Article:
Not Just Dancing Around Bushes: Bollywood’s Resistance Against Conventionalism

By Kritika Pramod Kulshrestha:

It all started way back in 2001 with the release of Lagaan, an epic movie that depicted unwavering resistance against the taxes imposed by the British on a tiny village in Gujarat through the medium of cricket. Of course before Lagaan, there have been many movies made on the subject of the freedom struggle in India and atrocities committed during the British Raj. Lagaan’s limitless success in India and its recognition abroad set the stage for the dawn of a new era of Bollywood movies, portraying resistance in many forms.

Lagaan

The Legend of Bhagat Singh starring Ajay Devgan in the lead role of Bhagat Singh, which released in 2002, showcased a fiery display of resistance to the tyranny of the British rule. While the film was largely a biographical film on this famous freedom fighter, it was an attempt by director Rajkumar Santoshi to awaken people’s patriotic feelings for their nation. In the same year, Bollywood released several other films on Bhagat Singh that sadly failed to garner much appreciation from audiences. In 2005, Mangal Pandey-The Rising was Aamir Khan’s shot at reviving the Sepoy mutiny of 1857. This film, flawed at many levels and largely publicized by the film’s lead actor, failed to win hearts across the nation.

In 2006, Rang De Basanti depicted a new form of resistance- a motley group of youngsters, inspired by the powerful story of Bhagat Singh; assassinate the nation’s corrupt defence minister when their best friend, a flight lieutenant in the Indian Air Force, dies. A revolutionary Bollywood film that portrayed large-scale protests by the youth was a deeply-moving film that filled us with anguish and anger simultaneously. It traced the powerful transformation of happy-go-lucky college students into activists seeking justice for their dead friend. The film, skilfully crafted, was beautifully justified by its lead actors who symbolized the passion and angst of the millions of youth across India. This radical-resistance film spoke to our nation’s leaders and to the country’s disillusioned youth. One possible reason behind making this film was to showcase the power of the youth; to grab the attention of our nation’s doddering old leaders and make them realize that a life must be lost in battle only to bring honour to the country and not as a consequence of government negligence and corruption.

With Ashutosh Gowarikar’s Khelein Hum Jee Jaan Sey, Bollywood set out to explore the Chittagong Uprising of 1930, an under-rated historic struggle for freedom from the British. A resistance movement against the British led by a group of teenagers and a school teacher, the Chittagong Uprising received true recognition with another film in 2012; Chittagong that was artistically balanced by the presence of Indian actor, Manoj Bajpayee. Chittagong has been one of the few films that has broken the boundaries of Indian cinema and showcased an alternate side of the people of this country. A country that is known for its traditional and conservative values, India has produced Bollywood films such as Chittagong and Rang De Basanti that have exemplified the strength of the common man. Another such truth-seeking film, No One Killed Jessica- a political crime thriller, brought to light two women’s resistance and resolve to ensure justice for Jessica Lal, a young bartender cum model, murdered in 1999 in a New Delhi restaurant. While Vidya Balan portrayed the reticent Sabrina Lal, Rani Mukherji played the role of a fiery yet compassionate television journalist to perfection. It was another rebellious Bollywood film that displayed the passion and the power of the youth with gusto, something that we have seen in recent times with the Delhi gang-rape case that occurred in December, 2012. Prakash Jha’s Chakravyuh went the mass resistance way with the story revolving around the Naxalites and Maoism. It was yet another attempt by a filmmaker to provide a comprehensive view of the Naxal-issue.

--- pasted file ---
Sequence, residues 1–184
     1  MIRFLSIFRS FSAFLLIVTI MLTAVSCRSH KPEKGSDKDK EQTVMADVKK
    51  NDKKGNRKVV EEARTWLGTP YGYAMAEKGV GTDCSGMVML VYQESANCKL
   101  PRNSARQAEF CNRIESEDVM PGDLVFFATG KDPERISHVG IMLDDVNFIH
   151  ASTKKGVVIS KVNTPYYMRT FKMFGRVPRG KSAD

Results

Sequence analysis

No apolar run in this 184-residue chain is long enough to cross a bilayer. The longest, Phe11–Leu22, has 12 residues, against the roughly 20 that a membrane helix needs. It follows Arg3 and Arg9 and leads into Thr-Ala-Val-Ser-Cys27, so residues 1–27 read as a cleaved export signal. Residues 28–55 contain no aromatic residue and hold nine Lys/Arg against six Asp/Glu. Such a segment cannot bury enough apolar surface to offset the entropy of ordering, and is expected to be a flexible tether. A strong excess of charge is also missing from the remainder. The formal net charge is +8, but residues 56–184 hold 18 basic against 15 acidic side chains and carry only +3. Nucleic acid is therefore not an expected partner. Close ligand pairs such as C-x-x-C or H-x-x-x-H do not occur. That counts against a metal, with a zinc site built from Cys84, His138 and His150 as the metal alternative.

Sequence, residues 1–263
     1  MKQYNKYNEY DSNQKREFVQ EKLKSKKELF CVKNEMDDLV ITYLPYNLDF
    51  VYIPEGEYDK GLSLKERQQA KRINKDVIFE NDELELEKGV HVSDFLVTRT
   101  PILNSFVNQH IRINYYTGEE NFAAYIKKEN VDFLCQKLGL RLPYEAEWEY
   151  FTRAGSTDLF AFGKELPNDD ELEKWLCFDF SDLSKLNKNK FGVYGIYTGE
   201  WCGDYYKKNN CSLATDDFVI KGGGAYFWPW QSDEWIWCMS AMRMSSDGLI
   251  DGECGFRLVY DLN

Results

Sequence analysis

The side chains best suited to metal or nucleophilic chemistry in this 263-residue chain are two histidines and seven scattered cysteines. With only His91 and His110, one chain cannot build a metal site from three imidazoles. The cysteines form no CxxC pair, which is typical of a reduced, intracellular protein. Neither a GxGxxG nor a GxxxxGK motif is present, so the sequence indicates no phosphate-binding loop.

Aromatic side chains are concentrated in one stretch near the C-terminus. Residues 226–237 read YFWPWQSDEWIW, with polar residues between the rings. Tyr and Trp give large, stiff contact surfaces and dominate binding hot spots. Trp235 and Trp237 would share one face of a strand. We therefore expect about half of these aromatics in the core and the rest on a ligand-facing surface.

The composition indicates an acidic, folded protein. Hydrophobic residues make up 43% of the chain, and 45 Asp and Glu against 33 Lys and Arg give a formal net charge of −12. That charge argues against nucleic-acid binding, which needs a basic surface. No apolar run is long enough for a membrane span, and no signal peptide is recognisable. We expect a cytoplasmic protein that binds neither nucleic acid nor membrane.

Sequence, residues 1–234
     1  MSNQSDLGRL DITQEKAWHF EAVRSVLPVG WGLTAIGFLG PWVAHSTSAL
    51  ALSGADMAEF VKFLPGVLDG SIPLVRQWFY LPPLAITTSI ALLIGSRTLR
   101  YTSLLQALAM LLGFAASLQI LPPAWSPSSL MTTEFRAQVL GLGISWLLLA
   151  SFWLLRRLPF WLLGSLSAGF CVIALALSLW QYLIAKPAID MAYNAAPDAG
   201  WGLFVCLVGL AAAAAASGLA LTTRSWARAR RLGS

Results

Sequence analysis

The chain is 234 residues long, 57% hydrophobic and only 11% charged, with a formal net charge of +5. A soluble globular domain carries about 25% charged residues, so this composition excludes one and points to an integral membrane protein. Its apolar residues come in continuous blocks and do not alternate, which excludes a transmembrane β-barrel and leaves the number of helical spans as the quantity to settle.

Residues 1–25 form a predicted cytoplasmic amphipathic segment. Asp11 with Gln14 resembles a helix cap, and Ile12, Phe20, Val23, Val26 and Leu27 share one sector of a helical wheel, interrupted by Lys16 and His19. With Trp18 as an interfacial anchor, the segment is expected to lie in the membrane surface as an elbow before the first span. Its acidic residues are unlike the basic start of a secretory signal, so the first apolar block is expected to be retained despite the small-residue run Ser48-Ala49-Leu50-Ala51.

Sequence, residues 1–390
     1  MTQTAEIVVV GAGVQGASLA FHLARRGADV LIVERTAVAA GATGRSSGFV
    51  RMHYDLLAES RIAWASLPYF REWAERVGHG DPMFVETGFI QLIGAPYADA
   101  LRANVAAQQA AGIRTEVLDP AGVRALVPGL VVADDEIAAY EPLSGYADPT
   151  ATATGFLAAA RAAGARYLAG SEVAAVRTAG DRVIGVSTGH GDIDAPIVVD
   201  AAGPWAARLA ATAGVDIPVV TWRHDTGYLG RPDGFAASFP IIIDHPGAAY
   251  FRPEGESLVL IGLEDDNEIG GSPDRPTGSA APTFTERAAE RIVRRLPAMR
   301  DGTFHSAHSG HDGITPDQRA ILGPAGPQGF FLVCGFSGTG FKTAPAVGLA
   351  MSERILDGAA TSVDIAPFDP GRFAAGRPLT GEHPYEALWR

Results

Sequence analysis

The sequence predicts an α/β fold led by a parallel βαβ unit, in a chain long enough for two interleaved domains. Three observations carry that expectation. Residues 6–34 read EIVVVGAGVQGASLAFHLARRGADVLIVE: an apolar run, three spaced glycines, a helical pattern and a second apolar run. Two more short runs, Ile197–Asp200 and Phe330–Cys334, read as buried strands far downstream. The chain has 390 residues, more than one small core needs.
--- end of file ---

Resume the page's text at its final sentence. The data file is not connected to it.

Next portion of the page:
While Bollywood has shown to us the mutinous side of the common man, it has also portrayed a more compelling side – that of the silent resistance showcased beautifully in the 2012 film Shanghai starring Emraan Hashmi and Kalki Koechlin.

As Bollywood sets to stretch the boundaries of resistance and struggle with films such as Satyagraha – Democracy Under Fire in 2013, I, as a citizen of this country, can only wish that such films help in changing the way our society thinks and functions. With Bollywood filmmakers pushing themselves to create more compelling scripts and stories, one can only hope that our nation’s leaders listen to these strong voices of resistance.

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